Where FJPs have critical mass, administrations have had to concede that they are a new, and powerful, voice on campus. At New York University, for example, more than 300 faculty signed a recent statement of opposition to the crackdown. Petitions at Barnard College, Columbia University, the University of Pennsylvania and the University of California, Berkeley have also garnered several hundred signatories. Students, too, have a newfound confidence, knowing that faculty members have their backs and will show up to intercede on their behalf if security guards and administrators attempt to shut down their protests and teach-ins.

We hope to keep building FJP as a network that can support the right of everyone on college campuses, especially the most vulnerable, to speak and act in their opposition to the ongoing genocide. FJP has emerged as a resource for campus groups across the country to share information and ideas, brainstorm campaigns, and develop strategies for dealing with lawfare suits manufactured to silence any critique of Israel. More generally, we hope that FJP will encourage faculty members and academic workers to challenge the Palestine exception and break the barrier of fear and stigma in standing with and for Palestinian liberation.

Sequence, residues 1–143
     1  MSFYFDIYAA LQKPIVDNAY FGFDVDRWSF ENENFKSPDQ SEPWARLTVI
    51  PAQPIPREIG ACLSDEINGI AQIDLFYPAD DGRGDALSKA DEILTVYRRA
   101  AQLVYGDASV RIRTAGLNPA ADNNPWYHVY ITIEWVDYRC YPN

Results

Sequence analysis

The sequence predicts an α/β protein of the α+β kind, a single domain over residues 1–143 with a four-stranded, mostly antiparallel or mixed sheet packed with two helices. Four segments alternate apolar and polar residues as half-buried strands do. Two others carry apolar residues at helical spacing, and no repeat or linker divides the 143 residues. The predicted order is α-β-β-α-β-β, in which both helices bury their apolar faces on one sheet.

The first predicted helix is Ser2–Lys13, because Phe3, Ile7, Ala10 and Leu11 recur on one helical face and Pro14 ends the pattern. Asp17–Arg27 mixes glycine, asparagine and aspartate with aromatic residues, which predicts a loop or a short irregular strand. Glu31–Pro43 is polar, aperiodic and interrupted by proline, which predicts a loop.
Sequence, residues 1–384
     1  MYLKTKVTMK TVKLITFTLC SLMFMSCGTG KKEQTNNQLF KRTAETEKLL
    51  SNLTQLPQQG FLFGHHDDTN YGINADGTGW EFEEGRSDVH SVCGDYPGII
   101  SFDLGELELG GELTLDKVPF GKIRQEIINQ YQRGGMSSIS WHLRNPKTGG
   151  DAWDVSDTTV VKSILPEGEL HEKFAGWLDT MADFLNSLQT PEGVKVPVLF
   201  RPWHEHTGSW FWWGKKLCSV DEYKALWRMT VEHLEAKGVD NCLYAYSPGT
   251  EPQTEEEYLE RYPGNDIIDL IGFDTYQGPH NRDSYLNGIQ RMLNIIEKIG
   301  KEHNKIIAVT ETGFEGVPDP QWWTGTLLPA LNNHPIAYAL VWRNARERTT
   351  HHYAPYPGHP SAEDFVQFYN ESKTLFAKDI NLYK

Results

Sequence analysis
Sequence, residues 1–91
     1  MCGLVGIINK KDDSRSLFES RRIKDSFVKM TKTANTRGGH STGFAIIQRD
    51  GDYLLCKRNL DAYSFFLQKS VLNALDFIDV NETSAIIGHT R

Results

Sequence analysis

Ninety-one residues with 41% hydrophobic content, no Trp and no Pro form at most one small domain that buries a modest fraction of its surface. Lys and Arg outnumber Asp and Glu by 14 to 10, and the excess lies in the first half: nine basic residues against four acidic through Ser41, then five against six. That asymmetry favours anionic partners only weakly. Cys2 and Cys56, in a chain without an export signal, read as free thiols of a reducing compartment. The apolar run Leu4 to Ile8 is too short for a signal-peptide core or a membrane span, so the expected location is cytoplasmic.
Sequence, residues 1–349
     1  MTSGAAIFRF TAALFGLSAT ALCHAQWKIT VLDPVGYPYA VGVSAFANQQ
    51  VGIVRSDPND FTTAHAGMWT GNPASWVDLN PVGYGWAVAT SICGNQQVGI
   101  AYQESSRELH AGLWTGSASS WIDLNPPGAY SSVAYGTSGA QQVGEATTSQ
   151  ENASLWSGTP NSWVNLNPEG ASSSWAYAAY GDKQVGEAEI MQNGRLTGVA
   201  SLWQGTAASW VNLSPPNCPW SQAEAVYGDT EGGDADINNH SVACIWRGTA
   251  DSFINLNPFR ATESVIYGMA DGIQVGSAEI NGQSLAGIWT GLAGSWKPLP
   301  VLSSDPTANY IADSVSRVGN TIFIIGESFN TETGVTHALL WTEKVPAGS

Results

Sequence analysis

It has not been plain sailing, of course. Copycat lawsuits have been launched, in formation, at many colleges—including the Massachusetts Institute of Technology, Harvard University, Cornell University, Wellesley College, Lafayette College, the Cooper Union, Berkeley, Penn and NYU—based on the thinnest of allegations about a hostile anti-Semitic environment on campus. Journalists often report on these cases without trying to verify any of the charges, and many college and university presidents, fearful of Congressional investigations, have clamped down in response. 

The threats of further legal action and of being publicly doxxed as anti-Semitic have also driven some academics, even the most securely tenured who are worried about the impact on their careers, back into a cone of silence. Others, who are openly pro-Zionist, have spoken out in numbers, too, though an authentic organized effort has yet to emerge in defense of Israel’s military actions.